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Sony Is Not Too Far

Samsung's inching closer to the leader in a tepid market

Sony Is Not Too Far
Tribhuvan Tiwari
Sony Is Not Too Far
From his 20th-floor office in downtown Seoul, Seung Soo Park, vice-president of the $30-billion Samsung Electronic's marketing strategy team for global marketing operations, sure has a great view. But his worldview stretches far beyond his office windows and even beyond South Korea. Says he: "We want to be viewed not as a Korean company but as a company that simply happens to be in Korea." A telling comment that highlights the Korean chaebol's dream that Samsung be seen as a true-blue multinational brand like its pet obsession, and acknowledged benchmark, Sony.

During the 1997 currency crisis, South Korea, like all other Asian tigers, suffered hugely. But Park, and Samsung, want to put the memory of those days far behind. Back on its feet and hoping to clock a $5 billion profit this year in spite of a global slowdown, Samsung clearly doesn't want to be spoken of in the same breath as other Korean companies, some of them still reeling under the financial meltdown. Says Park: "We'd like to distance ourselves from the crisis the country might be facing as a whole."

In April, Forbes carried a story headlined: "Watch out Sony, Samsung is here". "This sure means we are getting there," Park adds, his eyes beaming with pride and confidence. And to lift its brand equity, Samsung spends $1 billion a year on advertising alone—of this, as much as $800 million is outside Korea.

The company today has global leadership (24 per cent share) in the microwave ovens market. It figures on the top in the world colour monitor market (17 per cent). In the cdma mobile phone market, it's placed at number 4. And in the colour television sector, Samsung has a global share of 10 per cent. Asia and North America account for almost 60 per cent of Samsung's total revenues.

India, which it entered just five years ago, contributes two per cent to the total sales, a figure which Samsung hopes to increase to three by 2003. With the boom of a couple of years ago going to a near nosedive last year, the Rs 13,000 crore market for ctvs and home appliances stands stagnant today, with growth projections greatly petered down. "The outlook is not positive. There were projections that the market will grow between 15 and 20 per cent, but that will not happen. In fact, primary sales have seen a drop by about 15 per cent this year," says Ravinder Zutshi, vice-president sales, Samsung India Electronics Ltd.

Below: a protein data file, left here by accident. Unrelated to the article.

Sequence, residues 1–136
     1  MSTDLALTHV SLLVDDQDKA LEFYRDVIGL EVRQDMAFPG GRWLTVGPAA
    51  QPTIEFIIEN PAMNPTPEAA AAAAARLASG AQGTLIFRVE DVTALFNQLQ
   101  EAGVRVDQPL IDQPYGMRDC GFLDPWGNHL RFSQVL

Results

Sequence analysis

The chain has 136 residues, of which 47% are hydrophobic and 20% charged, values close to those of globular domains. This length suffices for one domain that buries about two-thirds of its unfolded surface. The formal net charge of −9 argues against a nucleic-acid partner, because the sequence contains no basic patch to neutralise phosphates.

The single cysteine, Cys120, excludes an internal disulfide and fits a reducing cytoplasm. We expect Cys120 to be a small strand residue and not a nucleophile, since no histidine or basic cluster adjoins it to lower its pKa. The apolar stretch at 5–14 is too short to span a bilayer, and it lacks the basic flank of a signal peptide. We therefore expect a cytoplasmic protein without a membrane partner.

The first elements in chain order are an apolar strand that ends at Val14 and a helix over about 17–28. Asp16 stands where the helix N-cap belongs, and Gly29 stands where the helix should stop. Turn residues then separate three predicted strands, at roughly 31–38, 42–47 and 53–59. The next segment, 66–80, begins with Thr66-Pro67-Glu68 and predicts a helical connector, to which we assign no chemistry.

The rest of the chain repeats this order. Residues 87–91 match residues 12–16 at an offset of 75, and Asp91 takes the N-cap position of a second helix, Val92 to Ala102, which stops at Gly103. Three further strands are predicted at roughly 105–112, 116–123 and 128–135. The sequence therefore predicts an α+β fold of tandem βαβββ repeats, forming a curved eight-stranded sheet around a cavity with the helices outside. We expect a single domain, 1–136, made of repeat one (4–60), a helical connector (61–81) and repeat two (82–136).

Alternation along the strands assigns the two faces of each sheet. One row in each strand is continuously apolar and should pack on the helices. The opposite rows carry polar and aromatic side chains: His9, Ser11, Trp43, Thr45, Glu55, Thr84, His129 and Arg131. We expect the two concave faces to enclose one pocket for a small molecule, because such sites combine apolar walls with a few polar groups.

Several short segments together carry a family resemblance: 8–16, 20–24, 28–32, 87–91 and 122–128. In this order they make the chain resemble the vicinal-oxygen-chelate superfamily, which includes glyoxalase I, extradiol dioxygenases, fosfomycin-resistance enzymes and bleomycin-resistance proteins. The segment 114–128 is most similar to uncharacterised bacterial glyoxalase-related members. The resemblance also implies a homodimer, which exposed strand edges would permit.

And the nosedive has never pinched so much. The colour TV market, the face of the consumer electronics market, has grown by just 3.8 per cent in the first four months of this year. Yet Park intends to invest $215 million in India over the next four years in addition to the $64 million already spent.

The fresh funds will be used to increase ctv capacities (today Samsung figures at No. 4 in the Indian market with an 8.3 per cent share while Sony's clocking 3.1 per cent), setting up manufacturing capacities for air-conditioners, washing machines and refrigerators apart from its monitor production capacity. It has a 48 per cent marketshare in colour monitors and by 2003, Samsung hopes to raise sales from Rs 2,800 crore to Rs 5,000 crore.

Says Zutshi: "We have come to stay in India and are not looking at three-month market forecasts. We know that the country has the potential to emerge as a strong buying power like China." The argument is that if China can have a ctv market of over 25 million units, why not India? Today, though, the market is less than 5 million units.

To energise the tepid market and enthuse dealers and consumers, Samsung has been launching a new ctv model almost every month with zero per cent finance schemes and Channel V roadshows. And its biggest achievement: that the brand is being recalled together with the brand of brands, Sony. "It has become a top-of-the-mind brand, and awareness levels are 93 per cent," says Zutshi. The obsession continues.

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